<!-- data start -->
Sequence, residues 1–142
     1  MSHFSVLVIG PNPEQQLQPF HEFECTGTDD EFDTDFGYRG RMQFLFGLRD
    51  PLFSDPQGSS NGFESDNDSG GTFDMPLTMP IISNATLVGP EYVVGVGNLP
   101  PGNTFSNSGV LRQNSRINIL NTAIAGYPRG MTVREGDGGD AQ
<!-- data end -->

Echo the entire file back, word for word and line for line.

Sequence, residues 1–142
     1  MSHFSVLVIG PNPEQQLQPF HEFECTGTDD EFDTDFGYRG RMQFLFGLRD
    51  PLFSDPQGSS NGFESDNDSG GTFDMPLTMP IISNATLVGP EYVVGVGNLP
   101  PGNTFSNSGV LRQNSRINIL NTAIAGYPRG MTVREGDGGD AQ